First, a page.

Presentation on theme: "A secret history of the observed surface temperature record Phil Jones CRU, UEA Developing the Global Temperature Record Terrestrial and Marine components."— Presentation transcript:
A secret history of the observed surface temperature record Phil Jones CRU, UEA Developing the Global Temperature Record Terrestrial and Marine components Biases Boulder, June 2009
Earliest work – late 1970s and early 1980s Interpolation used inverse-distance weighted best fit planes with a base period of 1946-60 The base period (i.e. using anomalies) is crucial in all the studies. It overcomes most elevation issues and some urbanization issues (later) Grid points at 10° longitude by 5° latitude intersections Station temperature data came from an NCAR DS, supplied on a 6250bpi tape Assessed data for outliers and removed those beyond reasonable bounds Programs ran on an IBM computer at Cambridge, for which cards had to be submitted Assessment of the effects of sparser coverage in early decades Compared results with all earlier studies Jones, P.D., Wigley, T.M.L. and Kelly, P.M., 1982: Variations in surface air temperatures, Part 1: Northern Hemisphere, 1881- 1980. Monthly Weather Review 110, 59-70 Kelly, P.M., Jones, P.D., Sear, C.B., Cherry, B.S.G. and Tavakol, R.K., 1982: Variations in surface air temperatures, Part 2: Arctic regions, 1881-1980. Monthly Weather Review 110, 71-83 Raper, S.C.B., Wigley, T.M.L., Mayes, P.R., Jones, P.D. and Salinger, M.J., 1984. Variations in surface air temperature. Part 3: The Antarctic, 1957-82. Monthly Weather Review 112, 1341-1353
Pre-CRU land temperature series, each adjusted to have Brohan et al average (HadCRUT3) over their last 30 years of overlap (from Ch1 of AR4: zero line is 1961-90) AR4 shouldn’t have compared land only series with HadCRUT3!
Mid -1980s Extended the spatial coverage of the station record, by digitizing records held in Met Office and other archives Assessed homogeneity of the records (subjectively) Base period of 1951-70 Each station associated with its nearest grid point (as in 1982) and weights were inverse distance More extended analysis of the effects of fewer stations in the early decades (using frozen grids) Record extended back to 1851 (from 1881 earlier) First combined land and marine temperature record in 1986 Jones, P.D., Raper, S.C.B., Bradley, R.S., Diaz, H.F., Kelly, P.M. and Wigley, T.M.L., 1986: Northern Hemisphere surface air temperature variations: 1851-1984. Journal of Climate and Applied Meteorology 25, 161-179 Jones, P.D., Raper, S.C.B. and Wigley, T.M.L., 1986: Southern Hemisphere surface air temperature variations: 1851-1984. Journal of Climate and Applied Meteorology 25, 1213-1230 Jones, P.D., Wigley, T.M.L. and Wright, P.B., 1986: Global temperature variations, 1861-1984. Nature 322, 430-434
Comparison of the versions across the years (1982, 1986, 1994, 2003 and 2006) NH – Top SH – Bottom Left – as was Right – 1951-80 Q – was all the effort worth it? It shows how robust the series is!
Questions that began to be asked (1) (some despite being discussed the papers) Effect of sparser coverage – don’t you need more stations? The frozen grid analyses had effectively answered this, but many only became convinced once the uncertainties were displayed with error ranges These also led to the understanding of the number of spatial degrees of freedom (N eff ) Looking at numerous seasonal and annual temperature anomaly maps indicated that N eff must be much smaller than the number of observing sites, and that the number varies depending on the season and on the timescale The paper that derived the necessary formulae (Jones et al., 1997) was based on the Wigley et al. (1984) r-bar paper The fact that N eff was about 100 led to the cottage industry of reconstruction the past temperatures from natural and documentary proxies The fact that r-bar is higher in winter implies that these would be much better, if we had more winter-responding proxies Wigley, T.M.L., Briffa, K.R. and Jones, P.D., 1984: On the average value of correlated time series with applications in dendroclimatology and hydrometeorology. Journal of Climate and Applied Meteorology 23, 201-213 Jones, P.D., Osborn, T.J. and Briffa, K.R., 1997: Estimating sampling errors in large-scale temperature averages. J. Climate 10, 2548-2568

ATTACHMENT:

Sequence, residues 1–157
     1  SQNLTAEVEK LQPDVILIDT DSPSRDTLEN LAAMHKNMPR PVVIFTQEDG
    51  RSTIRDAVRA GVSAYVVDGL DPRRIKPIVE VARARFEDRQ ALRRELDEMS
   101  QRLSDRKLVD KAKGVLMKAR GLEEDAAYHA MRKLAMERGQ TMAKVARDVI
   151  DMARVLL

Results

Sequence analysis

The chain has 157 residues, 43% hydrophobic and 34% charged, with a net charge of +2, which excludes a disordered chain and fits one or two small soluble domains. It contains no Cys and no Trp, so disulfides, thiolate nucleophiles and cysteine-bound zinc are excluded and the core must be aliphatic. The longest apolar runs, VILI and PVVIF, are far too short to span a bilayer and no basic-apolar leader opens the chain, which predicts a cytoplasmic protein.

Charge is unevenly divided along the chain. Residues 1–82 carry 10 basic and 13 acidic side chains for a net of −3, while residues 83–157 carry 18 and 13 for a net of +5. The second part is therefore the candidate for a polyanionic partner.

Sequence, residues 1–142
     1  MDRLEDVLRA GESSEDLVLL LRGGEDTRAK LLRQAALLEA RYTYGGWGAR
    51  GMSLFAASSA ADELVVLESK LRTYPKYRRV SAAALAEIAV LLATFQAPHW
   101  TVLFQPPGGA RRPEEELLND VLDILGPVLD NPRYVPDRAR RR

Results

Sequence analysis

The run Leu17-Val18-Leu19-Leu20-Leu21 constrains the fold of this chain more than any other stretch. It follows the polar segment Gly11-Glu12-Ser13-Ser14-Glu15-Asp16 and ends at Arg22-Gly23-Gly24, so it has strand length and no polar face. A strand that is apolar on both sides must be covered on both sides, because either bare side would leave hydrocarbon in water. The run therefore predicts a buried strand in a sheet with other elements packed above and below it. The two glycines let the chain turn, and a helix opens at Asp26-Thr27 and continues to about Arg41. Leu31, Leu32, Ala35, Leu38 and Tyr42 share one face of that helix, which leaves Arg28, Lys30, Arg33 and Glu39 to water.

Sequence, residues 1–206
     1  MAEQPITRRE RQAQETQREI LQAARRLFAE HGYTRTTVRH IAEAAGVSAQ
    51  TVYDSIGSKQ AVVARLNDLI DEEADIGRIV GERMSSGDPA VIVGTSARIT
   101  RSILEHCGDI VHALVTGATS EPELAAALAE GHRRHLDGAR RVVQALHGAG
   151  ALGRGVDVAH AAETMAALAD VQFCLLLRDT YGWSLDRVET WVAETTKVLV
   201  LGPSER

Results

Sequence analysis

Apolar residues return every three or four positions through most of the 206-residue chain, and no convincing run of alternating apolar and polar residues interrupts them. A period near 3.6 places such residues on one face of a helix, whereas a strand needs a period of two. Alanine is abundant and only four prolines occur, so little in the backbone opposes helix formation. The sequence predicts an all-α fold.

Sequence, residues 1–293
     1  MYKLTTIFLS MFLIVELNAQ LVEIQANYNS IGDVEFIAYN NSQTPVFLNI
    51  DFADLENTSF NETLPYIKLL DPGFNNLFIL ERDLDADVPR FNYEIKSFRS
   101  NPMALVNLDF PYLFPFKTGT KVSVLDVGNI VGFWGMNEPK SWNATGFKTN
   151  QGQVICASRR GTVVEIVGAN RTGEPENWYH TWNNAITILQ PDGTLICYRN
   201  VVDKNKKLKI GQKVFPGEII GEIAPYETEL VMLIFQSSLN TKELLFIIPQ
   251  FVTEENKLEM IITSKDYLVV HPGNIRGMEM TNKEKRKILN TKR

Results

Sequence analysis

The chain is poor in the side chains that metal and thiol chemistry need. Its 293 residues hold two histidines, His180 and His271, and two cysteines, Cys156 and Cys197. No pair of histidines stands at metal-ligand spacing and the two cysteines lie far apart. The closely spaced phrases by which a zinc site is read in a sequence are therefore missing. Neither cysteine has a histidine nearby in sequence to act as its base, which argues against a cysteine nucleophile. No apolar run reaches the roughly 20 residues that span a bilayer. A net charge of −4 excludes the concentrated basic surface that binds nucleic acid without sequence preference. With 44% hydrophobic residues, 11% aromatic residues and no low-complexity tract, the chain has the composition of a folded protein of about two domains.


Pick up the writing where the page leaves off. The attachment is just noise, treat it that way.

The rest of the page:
Questions that began to be asked (2) Isn’t the fact that most sites have moved more than once in their history important? We’d addressed the long-term homogeneity of the station series in the mid-1980s The effort was large in person years, but it’s affect was barely noticeable (the comparison of the 1982 and 1986 papers showed this) Clearly important for individual series, but not that vital as the space scale increases
Homogenisation adjustment uncertainty Black line is based on 763 sets of adjustments Red – hypothesised distribution Blue – the difference, so that used for stations where adjustments have not been made
Similar bimodal distribution in a recent paper on the USHCN Menne et al (2009) in BAMS
USHCN – all and 70 best ( latter partly determined by surface stations.org ) The 70 obviously omit large parts of the contiguous US
Questions that began to be asked (3) Isn’t the world warming because of many stations being located in cities? The urbanization issue! People always remember the greatest UHI that someone has shown on a particular day! They forget the similar warming between the land and the ocean components Comparisons of rural-only station datasets One new example here (London) Recognition that UHIs exist, but what matters is urban-related warming trends not the UHI size Jones, P.D., Groisman, P.Ya., Coughlan, M., Plummer, N., Wang, W-C. and Karl, T.R., 1990: Assessment of urbanization effects in time series of surface air temperature over land. Nature 347, 169-172 Jones, P.D., Lister, D.H. and Li, Q., 2008: Urbanization effects in large-scale temperature records, with an emphasis on China. J. Geophys. Res. 113, D16122, doi:10.1029/2008/JD009916.